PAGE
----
Book

Comparative reasoning in international courts and tribunals (2019)

in: Cambridge studies in international and comparative law, 145

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Abstract

Domestic law has long been recognised as a source of international law, an inspiration for legal developments, or the benchmark against which a legal system is to be assessed. Academic commentary normally re-traces these well-trodden paths, leaving one with the impression that the interaction between domestic and international law is unworthy of further enquiry. However, a different - and surprisingly pervasive - nexus between the two spheres has been largely overlooked: the use of domestic law in the interpretation of international law. This book examines the practice of five international courts and tribunals to demonstrate that domestic law is invoked to interpret international law, often outside the framework of Articles 31 to 33 of the Vienna Convention on the Law of Treaties. It assesses the appropriateness of such recourse to domestic law as well as situating the practice within broader debates regarding interpretation and the interaction between domestic and international legal systems.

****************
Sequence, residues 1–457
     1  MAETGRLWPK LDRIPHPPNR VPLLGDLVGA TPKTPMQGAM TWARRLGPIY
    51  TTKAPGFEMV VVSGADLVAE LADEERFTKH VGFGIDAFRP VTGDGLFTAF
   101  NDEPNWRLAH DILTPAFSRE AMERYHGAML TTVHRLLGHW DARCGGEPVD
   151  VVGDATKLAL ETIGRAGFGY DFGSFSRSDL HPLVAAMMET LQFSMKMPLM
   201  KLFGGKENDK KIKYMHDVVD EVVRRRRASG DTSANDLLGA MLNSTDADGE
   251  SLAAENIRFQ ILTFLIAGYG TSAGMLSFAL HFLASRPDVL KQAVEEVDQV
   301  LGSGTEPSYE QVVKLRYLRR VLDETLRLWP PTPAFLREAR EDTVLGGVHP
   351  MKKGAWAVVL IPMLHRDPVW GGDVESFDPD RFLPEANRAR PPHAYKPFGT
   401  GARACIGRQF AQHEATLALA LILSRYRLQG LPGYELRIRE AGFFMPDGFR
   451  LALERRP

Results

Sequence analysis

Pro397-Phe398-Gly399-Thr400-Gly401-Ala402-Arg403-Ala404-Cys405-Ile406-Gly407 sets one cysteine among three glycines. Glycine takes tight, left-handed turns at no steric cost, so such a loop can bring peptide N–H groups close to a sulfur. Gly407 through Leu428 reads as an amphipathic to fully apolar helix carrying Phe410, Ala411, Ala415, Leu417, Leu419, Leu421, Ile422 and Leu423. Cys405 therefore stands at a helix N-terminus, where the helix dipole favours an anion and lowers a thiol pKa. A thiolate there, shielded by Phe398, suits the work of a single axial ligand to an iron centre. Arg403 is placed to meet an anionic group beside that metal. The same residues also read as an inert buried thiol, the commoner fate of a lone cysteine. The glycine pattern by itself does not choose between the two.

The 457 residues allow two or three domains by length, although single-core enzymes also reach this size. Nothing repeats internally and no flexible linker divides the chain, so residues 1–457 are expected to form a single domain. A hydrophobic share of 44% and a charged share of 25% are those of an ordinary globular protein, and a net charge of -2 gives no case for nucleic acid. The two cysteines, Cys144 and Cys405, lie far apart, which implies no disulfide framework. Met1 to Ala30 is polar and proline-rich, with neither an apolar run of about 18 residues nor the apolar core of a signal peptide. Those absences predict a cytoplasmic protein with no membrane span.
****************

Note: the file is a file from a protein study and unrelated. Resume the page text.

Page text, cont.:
Keywords

International courts, International and municipal law, Comparative law

Languages

English

Publisher

Cambridge University Press

ISBN

9781108415477, 9781108401470

Pages

xxv, 258

DOI

10.1017/9781108233828

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